During the event, about 650 volunteers distributed about 1.275 million pounds of food to residents of Fresno, Kings, and Madera counties.
“This is one day when nobody in the Central Valley should say they’re going without food,” said Dayatra Latin, director of programs and development for the Community Food Bank.
5. White House focuses on childhood obesity First Lady Michelle Obama cast a national spotlight on the country’s childhood obesity epidemic when she kicked off the ‘Let’s Move’ campaign in February.
But a movement to end childhood obesity began in the San Joaquin Valley long ago.
This year, the Central California Regional Obesity Prevention Program and other community groups did some awesome work this year to improve access to healthy foods, and create safe places to play, in Valley communities.
For example, parents from John Burroughs Elementary School established a joint-use agreement with the Fresno Unified School District, ensuring the community’s children had a safe place to play after school hours and on the weekends.
What are the emerging health issues for 2011?
I think unincorporated communities – like the Stanislaus County community of Parklawn – are going to be a major news story in 2011.
Organizations like California Rural Legal Assistance and PolicyLink are already doing great work to bring health, infrastructure, and environmental justice to see these small, voiceless communities, and there is definitely more to come.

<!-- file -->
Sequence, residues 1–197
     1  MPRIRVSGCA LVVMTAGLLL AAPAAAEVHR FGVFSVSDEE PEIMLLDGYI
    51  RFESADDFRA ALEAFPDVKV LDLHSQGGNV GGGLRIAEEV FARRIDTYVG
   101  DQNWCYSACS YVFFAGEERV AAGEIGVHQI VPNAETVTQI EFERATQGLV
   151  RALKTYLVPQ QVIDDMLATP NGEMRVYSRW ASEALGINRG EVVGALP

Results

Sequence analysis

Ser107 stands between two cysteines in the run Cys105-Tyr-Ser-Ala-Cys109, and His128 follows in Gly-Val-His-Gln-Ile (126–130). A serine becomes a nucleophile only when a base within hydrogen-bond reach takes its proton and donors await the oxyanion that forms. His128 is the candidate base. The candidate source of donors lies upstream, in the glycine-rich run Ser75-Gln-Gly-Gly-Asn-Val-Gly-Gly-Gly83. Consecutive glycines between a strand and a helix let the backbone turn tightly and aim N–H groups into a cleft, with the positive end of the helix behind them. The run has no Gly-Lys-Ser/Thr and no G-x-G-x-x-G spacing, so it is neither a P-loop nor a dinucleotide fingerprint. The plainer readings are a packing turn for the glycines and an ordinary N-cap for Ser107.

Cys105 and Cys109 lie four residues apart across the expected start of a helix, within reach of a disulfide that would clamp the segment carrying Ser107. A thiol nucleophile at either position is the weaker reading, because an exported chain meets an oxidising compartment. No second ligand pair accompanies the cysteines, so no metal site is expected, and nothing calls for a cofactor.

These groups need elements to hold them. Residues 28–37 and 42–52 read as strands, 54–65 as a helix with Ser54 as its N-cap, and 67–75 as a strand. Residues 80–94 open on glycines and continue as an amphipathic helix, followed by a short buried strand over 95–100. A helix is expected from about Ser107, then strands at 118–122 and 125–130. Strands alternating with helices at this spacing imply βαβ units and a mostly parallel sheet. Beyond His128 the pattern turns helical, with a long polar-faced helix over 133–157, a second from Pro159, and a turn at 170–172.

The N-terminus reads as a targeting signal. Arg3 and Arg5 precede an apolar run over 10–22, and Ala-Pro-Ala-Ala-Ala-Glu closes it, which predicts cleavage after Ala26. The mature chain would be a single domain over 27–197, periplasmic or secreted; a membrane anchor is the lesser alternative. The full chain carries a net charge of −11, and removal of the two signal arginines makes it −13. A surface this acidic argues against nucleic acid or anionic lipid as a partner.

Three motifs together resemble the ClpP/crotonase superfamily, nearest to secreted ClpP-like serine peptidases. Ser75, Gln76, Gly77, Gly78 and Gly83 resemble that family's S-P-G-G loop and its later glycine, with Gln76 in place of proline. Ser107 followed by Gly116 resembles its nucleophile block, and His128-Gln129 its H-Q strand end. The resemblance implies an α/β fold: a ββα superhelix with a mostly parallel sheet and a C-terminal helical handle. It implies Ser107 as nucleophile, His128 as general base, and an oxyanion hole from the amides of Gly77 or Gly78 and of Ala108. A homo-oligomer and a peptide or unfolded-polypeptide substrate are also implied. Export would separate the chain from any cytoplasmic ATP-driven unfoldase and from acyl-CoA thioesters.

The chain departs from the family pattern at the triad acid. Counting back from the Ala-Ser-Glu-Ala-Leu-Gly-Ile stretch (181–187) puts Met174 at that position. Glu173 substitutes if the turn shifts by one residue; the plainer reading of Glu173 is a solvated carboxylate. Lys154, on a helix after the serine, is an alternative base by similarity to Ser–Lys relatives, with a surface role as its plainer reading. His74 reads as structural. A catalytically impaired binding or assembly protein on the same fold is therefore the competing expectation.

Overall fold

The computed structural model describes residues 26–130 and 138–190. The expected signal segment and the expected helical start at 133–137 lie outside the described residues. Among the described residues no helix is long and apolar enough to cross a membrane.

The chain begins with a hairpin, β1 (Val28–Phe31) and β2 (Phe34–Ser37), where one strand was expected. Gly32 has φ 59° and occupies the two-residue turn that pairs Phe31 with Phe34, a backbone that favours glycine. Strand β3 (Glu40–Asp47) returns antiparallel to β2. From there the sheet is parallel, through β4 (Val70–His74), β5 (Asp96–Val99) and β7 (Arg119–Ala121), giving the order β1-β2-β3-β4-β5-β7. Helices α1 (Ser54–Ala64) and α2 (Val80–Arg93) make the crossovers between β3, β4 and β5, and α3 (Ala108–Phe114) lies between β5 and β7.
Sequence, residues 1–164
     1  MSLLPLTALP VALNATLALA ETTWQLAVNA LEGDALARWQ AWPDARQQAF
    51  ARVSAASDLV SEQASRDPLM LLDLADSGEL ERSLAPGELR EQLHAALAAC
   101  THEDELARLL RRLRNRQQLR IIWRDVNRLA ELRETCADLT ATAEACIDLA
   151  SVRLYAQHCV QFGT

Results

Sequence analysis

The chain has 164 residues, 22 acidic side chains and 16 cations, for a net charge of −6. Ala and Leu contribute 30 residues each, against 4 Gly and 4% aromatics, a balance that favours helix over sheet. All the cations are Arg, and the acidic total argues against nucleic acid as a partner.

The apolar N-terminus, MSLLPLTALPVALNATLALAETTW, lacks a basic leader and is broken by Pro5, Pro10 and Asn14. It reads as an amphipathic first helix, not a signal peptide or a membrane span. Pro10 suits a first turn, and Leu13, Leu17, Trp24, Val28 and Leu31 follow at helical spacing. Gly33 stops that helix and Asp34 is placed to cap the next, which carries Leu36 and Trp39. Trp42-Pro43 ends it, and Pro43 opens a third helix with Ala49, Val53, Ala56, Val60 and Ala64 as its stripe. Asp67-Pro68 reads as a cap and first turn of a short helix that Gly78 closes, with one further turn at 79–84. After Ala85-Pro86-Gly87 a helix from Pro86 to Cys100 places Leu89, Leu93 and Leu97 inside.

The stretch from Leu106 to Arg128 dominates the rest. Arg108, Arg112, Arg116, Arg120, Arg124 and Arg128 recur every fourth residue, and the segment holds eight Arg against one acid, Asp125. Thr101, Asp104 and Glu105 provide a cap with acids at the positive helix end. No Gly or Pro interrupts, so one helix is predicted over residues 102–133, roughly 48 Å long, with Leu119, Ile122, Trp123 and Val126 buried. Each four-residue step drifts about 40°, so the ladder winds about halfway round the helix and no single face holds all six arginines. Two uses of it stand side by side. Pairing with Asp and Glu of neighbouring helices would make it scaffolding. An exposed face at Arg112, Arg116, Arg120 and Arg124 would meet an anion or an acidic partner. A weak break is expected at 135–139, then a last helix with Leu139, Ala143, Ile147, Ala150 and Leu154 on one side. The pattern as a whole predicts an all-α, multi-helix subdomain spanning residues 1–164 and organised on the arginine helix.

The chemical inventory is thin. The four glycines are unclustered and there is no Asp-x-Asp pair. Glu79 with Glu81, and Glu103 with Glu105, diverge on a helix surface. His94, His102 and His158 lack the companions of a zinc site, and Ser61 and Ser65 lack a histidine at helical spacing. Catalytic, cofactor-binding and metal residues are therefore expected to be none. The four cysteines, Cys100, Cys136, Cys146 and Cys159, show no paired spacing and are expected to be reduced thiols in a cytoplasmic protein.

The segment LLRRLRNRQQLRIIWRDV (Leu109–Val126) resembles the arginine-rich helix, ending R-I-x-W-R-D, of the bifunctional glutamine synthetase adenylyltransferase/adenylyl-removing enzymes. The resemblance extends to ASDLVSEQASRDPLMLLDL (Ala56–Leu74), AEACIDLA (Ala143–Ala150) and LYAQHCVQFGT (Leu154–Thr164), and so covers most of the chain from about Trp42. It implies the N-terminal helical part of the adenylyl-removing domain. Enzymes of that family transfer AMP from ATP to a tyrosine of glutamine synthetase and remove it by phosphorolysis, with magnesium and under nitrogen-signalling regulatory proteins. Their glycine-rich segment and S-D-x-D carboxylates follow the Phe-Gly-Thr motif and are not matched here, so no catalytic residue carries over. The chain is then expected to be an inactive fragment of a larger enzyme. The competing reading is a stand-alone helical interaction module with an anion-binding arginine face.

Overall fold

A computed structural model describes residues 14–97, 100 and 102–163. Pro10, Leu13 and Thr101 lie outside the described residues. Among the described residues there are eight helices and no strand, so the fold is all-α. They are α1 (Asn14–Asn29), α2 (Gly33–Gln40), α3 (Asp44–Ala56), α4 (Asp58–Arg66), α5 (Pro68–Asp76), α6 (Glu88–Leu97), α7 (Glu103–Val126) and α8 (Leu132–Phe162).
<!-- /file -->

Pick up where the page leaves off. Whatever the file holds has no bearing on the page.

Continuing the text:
In recognition of American Diabetes Month, I’m working on a story about diabetes among Latinos in the San Joaquín Valley.
The story, which will run in the Nov. 24 edition of Vida en el Valle, will focus on the individual experiences of a few Latinos in the San Joaquín Valley who are living with diabetes. (UPDATE: Read the full story here.)
For now, I’d like to introduce you to a few of the people who are featured in the story.
Jesús Sánchez Age: 29 Time with diabetes: 3 months Birth place/Current home: Oaxaca, México/Madera, CA Advice for people recently diagnosed with Type 2 diabetes: “Don’t lose heart. Do your best: pay attention to your doctor, eat healthier food, and follow the diet.”
Esperanza Aguillón Age: 60 Time with diabetes: 14 years Birth place/Current home: Mexicali, México/Porterville, CA Advice: “You have to accept that you have this disease and you have to take care of yourself. If it’s not for you, it should be for your loved ones.
“You have to make the sacrifice. At first it is difficult, it is very difficult to become accustomed to another way of eating, but it’s worth it to take care of yourself and feel better.”
Azucena Durán Age: 25 Time with gestational diabetes: 1.5 months Birth place/current home: Jalisco, México/Stockton, CA Advice for women with gestational diabetes: “It’s really all going to be worth it in the end – the dieting, the insulin. As much as it’s stressful and tedious, it really will all be worth it in the end.
“Yeah, I really want that piece of cheesecake, but then it’s not good for your baby, and ultimately your goal is to have a healthy baby. It’s all worth it in the end.”
Vanessa Age: 13 Time with type 1 diabetes: 4 years Current home: Selma, CA Advice for kids diagnosed with type 1 diabetes: “At first it starts off bad – you don’t know what is happening. But once you start learning about it, you start to understand that it’s not your fault, it just happens. And things are going to change, but you will start getting used to it, and pretty much your life is going to go back to how it was, and diabetes is going to be another part of you, like your personality. You’re going to be a normal person like you were before, just having to do things a little differently.”
For more information about Latinos and diabetes, check out these sites: